The Central Bank of Nigeria (CBN) over the weekend continued in its direct distribution of lower denomination banknotes to marketers, merchants, shopping malls, supermarkets, tollgates among others by visiting the ultra-modern Tejuosho market, Lagos.
The Director, Currency Operations Department, Central Bank of Nigeria Mrs Priscilla Eleje at the public sensitisation and enlightenment campaign of the banks direct intervention on lower denomination banknotes said one of the key objectives of the CBN as enshrined in the CBN Act, 2007 (section 1) is the issuance and management of legal tender currency in Nigeria.
But in recent time, the bank has observed the inadequate circulation of the lower denomination banknotes and difficulties encountered by economic agents .This she said, is despite huge volume of banknotes injected into circulation on annual basis.
The CBN, she said, recognises the important role markets play in economic growth, hence the need to ensure accessibility to lower denominations to carry out legitimate economic transactions.
It was in recognition of this that the management of CBN approved the direct disbursement of N200, N100, N50, N20, N10 and N5 denominations to economic agents.
Eleje explained that the framework for disbursement of these denominations stipulates that it would be made through the respective Deposit Money Banks (DMB) of the beneficiaries, stressing that the beneficiaries must ensure that their accounts are funded before any withdrawal could be made on their behalf.
The DMBs on their part are expected to include the demands of their merchants and market associations in their request to CBN when making normal withdrawal or deposit. However, she said the bank notes are to be delivered to the association at no extra cost.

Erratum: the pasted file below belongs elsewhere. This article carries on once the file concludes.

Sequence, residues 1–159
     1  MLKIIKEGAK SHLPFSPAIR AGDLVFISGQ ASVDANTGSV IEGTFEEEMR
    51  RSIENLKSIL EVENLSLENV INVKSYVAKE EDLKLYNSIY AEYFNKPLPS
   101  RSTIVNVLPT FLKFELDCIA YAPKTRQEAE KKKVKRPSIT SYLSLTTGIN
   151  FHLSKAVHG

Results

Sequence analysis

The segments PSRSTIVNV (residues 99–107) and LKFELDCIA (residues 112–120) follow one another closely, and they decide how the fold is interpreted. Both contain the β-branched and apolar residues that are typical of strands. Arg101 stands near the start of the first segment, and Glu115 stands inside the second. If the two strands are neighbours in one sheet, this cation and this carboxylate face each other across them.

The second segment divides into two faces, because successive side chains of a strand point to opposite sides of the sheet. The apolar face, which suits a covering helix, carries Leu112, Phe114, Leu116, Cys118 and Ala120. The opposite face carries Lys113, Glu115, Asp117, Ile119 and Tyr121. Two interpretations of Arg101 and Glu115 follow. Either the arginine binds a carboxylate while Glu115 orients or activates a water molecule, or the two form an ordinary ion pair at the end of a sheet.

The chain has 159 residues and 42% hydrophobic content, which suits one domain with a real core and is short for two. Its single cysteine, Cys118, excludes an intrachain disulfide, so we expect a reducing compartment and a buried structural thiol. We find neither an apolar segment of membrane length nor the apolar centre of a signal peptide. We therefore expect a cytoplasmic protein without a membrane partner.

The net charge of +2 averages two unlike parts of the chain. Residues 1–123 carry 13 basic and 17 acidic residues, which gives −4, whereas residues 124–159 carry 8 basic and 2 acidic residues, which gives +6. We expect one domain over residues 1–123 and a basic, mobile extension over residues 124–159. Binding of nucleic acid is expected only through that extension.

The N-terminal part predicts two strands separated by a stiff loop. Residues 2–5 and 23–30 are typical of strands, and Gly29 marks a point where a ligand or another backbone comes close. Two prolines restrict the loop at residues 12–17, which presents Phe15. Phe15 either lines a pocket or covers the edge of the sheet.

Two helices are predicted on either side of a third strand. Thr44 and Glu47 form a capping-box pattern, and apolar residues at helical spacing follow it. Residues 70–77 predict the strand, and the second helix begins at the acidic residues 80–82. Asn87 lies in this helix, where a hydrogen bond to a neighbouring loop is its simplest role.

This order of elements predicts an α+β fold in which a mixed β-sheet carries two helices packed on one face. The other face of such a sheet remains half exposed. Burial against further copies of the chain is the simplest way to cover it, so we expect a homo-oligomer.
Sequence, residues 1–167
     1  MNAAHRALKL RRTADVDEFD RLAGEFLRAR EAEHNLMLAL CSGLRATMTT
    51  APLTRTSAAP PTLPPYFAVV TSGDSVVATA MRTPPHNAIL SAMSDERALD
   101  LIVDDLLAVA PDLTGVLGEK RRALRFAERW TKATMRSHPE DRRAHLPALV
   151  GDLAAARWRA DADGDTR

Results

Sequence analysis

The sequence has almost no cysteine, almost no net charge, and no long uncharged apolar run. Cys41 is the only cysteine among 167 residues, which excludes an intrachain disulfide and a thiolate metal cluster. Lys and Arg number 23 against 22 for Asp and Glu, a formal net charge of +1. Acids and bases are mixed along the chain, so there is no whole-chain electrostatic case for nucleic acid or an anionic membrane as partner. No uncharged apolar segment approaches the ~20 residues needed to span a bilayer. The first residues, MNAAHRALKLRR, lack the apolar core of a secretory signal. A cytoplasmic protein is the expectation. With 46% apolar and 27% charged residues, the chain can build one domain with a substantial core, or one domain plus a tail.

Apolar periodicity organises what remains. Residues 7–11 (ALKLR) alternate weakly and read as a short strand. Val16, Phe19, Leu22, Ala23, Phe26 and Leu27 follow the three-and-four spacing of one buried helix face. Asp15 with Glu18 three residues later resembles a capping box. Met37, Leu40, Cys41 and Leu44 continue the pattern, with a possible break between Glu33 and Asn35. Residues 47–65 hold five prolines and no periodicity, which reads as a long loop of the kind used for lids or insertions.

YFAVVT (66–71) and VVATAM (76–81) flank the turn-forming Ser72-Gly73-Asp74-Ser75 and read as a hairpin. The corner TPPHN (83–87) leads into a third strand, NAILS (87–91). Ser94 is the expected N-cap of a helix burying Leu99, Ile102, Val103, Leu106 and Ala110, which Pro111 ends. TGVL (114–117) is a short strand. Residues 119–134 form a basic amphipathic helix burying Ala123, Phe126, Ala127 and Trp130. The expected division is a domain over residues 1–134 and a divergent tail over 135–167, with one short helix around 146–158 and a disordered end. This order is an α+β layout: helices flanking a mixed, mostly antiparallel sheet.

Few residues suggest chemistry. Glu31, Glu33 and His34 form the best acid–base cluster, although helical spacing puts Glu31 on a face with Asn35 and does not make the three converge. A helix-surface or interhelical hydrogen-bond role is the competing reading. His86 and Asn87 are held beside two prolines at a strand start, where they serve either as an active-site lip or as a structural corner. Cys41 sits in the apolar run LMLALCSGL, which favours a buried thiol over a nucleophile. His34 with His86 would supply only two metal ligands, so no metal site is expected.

“Therefore, market associations are not expected to add any cost to their members. In order to guard against possible abuse or diversion of these banknotes, the bank has developed a monitoring framework to ensure the judicious utilisation of the funds disbursed,” she stated.
The exercise according to the central bank consists of on the spot-checks to the premises of the beneficiaries after receipt of disbursement as well as mystery shopper approach to shops, markets and toll gates and any beneficiary found to violate the procedure would be delisted.
Eleje explained that when the objective of the intervention is met, it will principally ease accessibility and address the scarcity of these denominations in circulation.
The disbursement which started in Abuja had been extended to Lagos, Kano, Enugu, Onitsha, Ibadan, Yola, Gombe, Katsina, Jos, Port-Harcourt, Minna and Umuahia in Abia state.
On his part, the CBN Lagos Branch Controller, Mr James Omerebere, urged the traders not to continue to recycle dirty or mutilated Naira notes but return such to their banks.
Mr Omerebere, also warned them against selling or hoarding the Naira , saying it is an economic sabotage.
Speaking on behalf of the traders, the market Leader of Tejoshuo Model Market, Alhaja Titilayo Noyimot, appreciated the CBN for making lower denominations available to traders in Lagos markets.
Alhaja Noyimot, who noted that the lower denomination notes given to the petty traders made it possible for them to have more customers, urged the CBN to extend the gesture to transporters to avoid fighting with their passengers.
Some petty traders who could not hide their joy told Radio Nigeria that with the move by the CBN, the era in which traders quarrel with their customers over lack of change after buying their wares would be over.
The public sensitisation and enlightenment campaign on CBN direct intervention on lower denomination bank notes which had been taken to some other states, is expected to be held in other markets in Lagos.
At the foreign exchange market the dollar sellers for 305 Naira 75 kobo, CBN rate, pounds sterling 400 Naira 7 kobo while the Euro goes for 357 Naira 36 kobo.